Jon-Olov Woxlin (Sweden) - The Great Unknown (album)
My New Years resolution is to review more Nordic album releases, even if I have to keep them relatively brief, so I can hardly ignore a new album which came out on January 1st. Jon-Olov Woxlin is a Swedish songwriter that we have covered previously, notably his 2016 release ‘Act Aloof’, and his new album entitled ‘The Great Unknown’ is the 4th from the Gothenburg based musician.
If sometimes we have difficulty in describing an artist genre, at least that isn’t an issue with Jon-Olov Woxlin, because he writes in very much a traditional style, country folk that focuses on telling stories, and the lovely thing is that whilst many of his characters are probably fictional, I can’t help but google their names, because he really does bring them all to life. Musically though it’s written in such ‘a style’ that I realise that it might not be for everyone, but that’s not entirely the key point anyway, because he clearly wants to focus on the tales of life and death in his world. Well, mainly death actually.
Opening track ‘I’ve Missed A Lot of Fun’ makes that point pretty well, as he bemoans all the Country music stars that have passed away before he had chance to see and appreciate them: ‘my country music heroes get killed off one by one, clearly I was born too late, I missed a lot of fun’. It’s a nice tribute, albeit built up around Woxlin’s favourite character of all, The Grim Reaper.
‘The Fiddler Abraham Hult’ is one of those characters that I found myself researching more, but here it’s Woxlin’s vocals actually that stand out, authentic and always natural sounding – the album was recorded live in a studio in just a day over last summer, and that adds to the power of the songs.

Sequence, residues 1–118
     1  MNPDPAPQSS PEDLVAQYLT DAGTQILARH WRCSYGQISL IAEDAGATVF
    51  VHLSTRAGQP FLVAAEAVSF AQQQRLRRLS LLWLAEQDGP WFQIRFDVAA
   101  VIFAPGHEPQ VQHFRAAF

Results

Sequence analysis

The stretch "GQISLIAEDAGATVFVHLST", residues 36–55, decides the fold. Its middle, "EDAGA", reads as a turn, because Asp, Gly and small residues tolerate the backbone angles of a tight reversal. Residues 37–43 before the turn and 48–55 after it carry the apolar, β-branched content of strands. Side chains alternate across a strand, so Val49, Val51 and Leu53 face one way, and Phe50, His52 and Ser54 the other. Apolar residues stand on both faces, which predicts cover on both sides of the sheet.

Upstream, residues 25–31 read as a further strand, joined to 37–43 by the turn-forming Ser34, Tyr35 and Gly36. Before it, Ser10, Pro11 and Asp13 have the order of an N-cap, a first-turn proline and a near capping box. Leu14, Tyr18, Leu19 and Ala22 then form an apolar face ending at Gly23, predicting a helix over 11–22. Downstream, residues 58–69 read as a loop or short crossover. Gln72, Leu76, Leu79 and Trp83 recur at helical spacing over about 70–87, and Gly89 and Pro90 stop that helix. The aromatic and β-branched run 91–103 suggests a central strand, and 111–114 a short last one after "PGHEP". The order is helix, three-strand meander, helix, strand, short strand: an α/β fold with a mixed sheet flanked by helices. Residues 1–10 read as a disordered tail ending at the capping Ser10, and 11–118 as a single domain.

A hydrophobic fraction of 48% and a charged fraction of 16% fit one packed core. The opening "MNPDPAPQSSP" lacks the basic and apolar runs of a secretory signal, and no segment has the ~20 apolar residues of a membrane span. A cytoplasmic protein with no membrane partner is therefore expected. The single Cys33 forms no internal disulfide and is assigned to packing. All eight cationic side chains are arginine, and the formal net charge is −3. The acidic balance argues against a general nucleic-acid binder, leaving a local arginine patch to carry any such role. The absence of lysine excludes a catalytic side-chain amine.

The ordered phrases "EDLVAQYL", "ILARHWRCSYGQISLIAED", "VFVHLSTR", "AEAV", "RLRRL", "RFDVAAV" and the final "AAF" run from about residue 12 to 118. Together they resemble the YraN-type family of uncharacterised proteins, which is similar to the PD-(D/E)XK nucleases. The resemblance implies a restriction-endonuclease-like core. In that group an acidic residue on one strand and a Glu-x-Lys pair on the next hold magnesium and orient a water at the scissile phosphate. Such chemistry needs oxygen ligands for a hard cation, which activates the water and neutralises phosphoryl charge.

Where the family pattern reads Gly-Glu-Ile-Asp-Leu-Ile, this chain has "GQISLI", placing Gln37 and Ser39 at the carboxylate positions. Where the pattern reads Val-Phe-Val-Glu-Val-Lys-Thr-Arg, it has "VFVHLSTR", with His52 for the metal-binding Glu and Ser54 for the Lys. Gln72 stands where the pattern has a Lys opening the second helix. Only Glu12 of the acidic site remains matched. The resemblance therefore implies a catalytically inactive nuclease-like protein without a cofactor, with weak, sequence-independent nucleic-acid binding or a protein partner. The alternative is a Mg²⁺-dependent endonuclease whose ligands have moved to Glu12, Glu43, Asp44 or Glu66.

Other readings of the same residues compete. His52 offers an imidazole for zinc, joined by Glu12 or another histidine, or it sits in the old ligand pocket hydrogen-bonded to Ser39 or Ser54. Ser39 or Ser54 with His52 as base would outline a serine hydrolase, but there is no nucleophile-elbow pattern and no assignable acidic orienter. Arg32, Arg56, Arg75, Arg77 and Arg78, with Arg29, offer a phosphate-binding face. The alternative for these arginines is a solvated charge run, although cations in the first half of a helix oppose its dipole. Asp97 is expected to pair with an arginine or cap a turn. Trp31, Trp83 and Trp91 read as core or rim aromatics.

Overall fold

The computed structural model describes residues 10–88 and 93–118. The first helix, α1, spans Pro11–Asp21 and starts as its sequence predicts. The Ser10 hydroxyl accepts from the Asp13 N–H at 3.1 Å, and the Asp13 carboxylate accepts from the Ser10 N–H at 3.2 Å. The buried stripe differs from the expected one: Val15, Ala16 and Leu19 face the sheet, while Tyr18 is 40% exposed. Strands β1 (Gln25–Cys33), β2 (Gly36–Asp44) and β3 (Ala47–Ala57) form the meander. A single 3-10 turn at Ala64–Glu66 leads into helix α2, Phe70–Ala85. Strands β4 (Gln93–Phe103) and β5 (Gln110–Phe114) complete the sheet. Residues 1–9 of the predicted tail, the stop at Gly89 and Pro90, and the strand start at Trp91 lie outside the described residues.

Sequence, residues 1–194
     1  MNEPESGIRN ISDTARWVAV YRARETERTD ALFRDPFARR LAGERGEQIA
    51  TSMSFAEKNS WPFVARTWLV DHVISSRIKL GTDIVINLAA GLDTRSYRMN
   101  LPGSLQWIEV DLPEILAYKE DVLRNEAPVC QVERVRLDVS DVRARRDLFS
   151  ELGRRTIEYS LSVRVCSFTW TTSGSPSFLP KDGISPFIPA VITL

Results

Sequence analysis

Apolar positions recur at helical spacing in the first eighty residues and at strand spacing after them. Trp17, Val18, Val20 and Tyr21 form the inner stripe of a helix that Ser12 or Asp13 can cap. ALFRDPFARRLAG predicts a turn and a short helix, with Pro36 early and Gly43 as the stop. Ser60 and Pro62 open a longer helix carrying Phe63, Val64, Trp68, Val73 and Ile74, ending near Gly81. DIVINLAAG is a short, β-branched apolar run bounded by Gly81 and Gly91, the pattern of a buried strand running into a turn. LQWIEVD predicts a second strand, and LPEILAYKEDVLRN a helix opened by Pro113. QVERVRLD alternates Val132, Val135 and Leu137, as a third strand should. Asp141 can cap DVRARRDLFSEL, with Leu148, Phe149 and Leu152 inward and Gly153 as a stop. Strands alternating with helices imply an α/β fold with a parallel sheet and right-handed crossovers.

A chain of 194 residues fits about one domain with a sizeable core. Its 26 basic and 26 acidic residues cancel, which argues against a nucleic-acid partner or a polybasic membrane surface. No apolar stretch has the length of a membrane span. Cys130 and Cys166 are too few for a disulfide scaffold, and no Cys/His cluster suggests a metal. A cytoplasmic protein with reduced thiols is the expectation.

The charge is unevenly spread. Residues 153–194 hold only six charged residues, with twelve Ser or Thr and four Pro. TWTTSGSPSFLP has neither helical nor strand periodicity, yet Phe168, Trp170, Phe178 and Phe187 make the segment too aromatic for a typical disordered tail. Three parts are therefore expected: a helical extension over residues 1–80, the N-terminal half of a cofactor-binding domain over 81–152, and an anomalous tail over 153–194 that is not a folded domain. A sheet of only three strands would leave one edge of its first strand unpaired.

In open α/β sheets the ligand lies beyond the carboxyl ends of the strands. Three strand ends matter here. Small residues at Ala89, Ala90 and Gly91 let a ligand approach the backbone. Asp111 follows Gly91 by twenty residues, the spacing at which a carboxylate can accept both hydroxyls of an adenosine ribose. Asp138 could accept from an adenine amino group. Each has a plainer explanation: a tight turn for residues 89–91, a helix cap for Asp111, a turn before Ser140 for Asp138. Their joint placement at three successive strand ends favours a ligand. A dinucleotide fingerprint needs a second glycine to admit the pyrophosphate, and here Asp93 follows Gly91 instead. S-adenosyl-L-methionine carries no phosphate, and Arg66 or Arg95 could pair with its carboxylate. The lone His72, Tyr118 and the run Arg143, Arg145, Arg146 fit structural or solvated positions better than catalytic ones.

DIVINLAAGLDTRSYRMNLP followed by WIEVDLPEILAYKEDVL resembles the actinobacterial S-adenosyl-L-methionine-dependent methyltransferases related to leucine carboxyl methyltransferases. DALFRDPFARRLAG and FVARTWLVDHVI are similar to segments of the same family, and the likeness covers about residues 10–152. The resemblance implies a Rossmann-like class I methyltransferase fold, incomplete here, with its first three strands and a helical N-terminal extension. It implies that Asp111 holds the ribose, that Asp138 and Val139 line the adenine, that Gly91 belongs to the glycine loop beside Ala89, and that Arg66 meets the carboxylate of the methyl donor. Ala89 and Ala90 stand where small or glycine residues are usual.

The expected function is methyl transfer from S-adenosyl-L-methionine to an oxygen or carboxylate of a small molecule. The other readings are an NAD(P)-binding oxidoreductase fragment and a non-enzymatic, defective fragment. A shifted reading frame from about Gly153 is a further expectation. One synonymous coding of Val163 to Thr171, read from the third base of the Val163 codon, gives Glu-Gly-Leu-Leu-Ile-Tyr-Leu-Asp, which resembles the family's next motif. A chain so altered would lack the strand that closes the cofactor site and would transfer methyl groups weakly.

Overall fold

‘Soon to be Expected’ starts off sounding upbeat and positive, before the reality of the message hits home – getting home to find a letter from the government telling you that the world is about to end. But the clever word play means that it’s not quite as dark as it sounds - ‘It’s not about where and how, But when the end will be’.
My favourite story, however, is probably that of ‘Drunken Willie McCain’ (“he was very good with names / making dead men’s tombstones every night and day”), the poor drunk who was framed for murder and the story of his journey to the gallows – ‘he wasn’t a man of luck, whenever there was shooting around, he was the last man to duck’. It’s lovely stuff.
I like the way that ‘Murder of Crows’ is constructed, with fear and anxiety slowly creeping up through the vision of the crows firstly in the distance, then against the window and finally at the end of the bed, but again I’m drawn to his favourite subject in ‘Where I Once Was Born’, which sounds like a quaint song about his family village, but actually traces a mans trip again to the gallows – a resigned fate where I can almost feel the breath of the executioner.
As I suggested previously the very traditional Americana / Country style won’t be for everyone, but I like Jon-Olov Woxlin’s world, and to be featured in one of his songs seems like a badge of honour, even if most of his characters seem to have come to early premature deaths. His message I guess to all of us that we should make the most of everything whilst we still can. I’m hoping that when the current restraints end we won’t need any reminding.
Nordic Music Review 7/10
Incidentally, Jon-Olov (a part time 'fiddler' himself) tells me that Abraham Hult does exist, and my attempts to track him down online failed because his full name is Abraham Hult Alcén, also known as "Hultkläppen" (the bastard of Hult). He even has a Wikipedia page here.